“Corinthian” Sailing

The word “Corinthian” is taken in the sailing world to mean “amateur” and is derived from the Corinthian games in ancient Greece, which took place on the isthmus of Corinth, contemporary to the Olympic Games. The founders of the Royal Corinthian Yacht Club (RCYC) in 1872 took note of these historical games and referenced them in naming their club.  This was to emphasize their desire that the members should helm their boats, rather than relying entirely on paid crew as was done at the other clubs of the time.

The General Rules of the RCYC, adopted in 1873, state the purpose of the club quite simply:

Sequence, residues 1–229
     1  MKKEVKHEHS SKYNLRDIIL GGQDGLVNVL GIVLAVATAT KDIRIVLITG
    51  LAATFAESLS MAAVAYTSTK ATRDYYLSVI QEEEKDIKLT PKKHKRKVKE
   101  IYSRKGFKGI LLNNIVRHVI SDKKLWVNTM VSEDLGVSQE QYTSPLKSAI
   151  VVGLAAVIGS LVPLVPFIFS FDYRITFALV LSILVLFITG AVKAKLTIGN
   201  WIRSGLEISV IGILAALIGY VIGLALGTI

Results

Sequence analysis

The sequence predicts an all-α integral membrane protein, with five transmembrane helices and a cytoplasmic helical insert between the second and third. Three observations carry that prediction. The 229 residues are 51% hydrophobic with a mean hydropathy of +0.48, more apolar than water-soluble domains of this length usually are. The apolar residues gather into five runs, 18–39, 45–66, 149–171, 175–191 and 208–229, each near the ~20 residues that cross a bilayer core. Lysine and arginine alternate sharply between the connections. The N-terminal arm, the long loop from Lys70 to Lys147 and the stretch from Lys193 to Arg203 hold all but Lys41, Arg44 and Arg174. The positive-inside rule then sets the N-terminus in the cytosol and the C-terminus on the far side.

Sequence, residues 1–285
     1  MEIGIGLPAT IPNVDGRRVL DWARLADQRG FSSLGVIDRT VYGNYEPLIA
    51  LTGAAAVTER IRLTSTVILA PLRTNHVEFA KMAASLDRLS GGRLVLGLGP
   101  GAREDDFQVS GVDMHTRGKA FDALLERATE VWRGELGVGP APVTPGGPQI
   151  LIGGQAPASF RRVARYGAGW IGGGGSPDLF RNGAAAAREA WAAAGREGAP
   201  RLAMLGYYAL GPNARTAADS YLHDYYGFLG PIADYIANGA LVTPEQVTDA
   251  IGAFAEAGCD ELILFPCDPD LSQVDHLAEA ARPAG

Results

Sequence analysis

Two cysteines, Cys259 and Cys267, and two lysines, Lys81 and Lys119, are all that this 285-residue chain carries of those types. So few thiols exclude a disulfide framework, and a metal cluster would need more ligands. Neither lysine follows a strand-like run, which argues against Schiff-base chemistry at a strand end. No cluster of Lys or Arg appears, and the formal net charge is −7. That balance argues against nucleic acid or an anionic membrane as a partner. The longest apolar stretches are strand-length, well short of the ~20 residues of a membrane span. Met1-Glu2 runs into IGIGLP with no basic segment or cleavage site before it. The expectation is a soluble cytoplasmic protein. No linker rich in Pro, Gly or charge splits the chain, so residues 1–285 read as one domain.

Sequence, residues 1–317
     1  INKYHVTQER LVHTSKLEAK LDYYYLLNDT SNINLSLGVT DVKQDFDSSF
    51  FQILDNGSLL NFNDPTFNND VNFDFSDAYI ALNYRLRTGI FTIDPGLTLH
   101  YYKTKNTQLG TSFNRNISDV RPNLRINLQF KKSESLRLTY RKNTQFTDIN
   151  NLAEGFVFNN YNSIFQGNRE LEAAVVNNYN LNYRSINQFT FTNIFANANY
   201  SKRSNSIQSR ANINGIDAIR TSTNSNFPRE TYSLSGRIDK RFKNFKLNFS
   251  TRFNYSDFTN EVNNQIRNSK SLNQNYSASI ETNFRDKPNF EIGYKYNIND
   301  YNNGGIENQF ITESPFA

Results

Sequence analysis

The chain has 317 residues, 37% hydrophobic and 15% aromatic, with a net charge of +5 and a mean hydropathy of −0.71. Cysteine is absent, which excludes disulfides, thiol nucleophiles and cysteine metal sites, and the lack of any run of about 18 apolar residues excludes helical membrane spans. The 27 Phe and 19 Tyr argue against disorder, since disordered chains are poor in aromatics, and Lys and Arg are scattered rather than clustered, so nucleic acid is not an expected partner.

“The primary object of this Club shall be the encouragement of amateur yacht sailing” - Royal Corinthian Yacht Club, 1873

The rules of the 1932 Olympic Games, later adopted by the RCYC, state that yachting participants are required to be Corinthian:

Corinthianism in yachting is that attribute which represents participation in sport as distinct from gain and which also involves the acquirement of nautical experience through the love of the sport rather than through necessity or the hope of gain.

Today, there are many yacht clubs around the world which incorporate the word, and the ideals of, “Corinthian” into their names.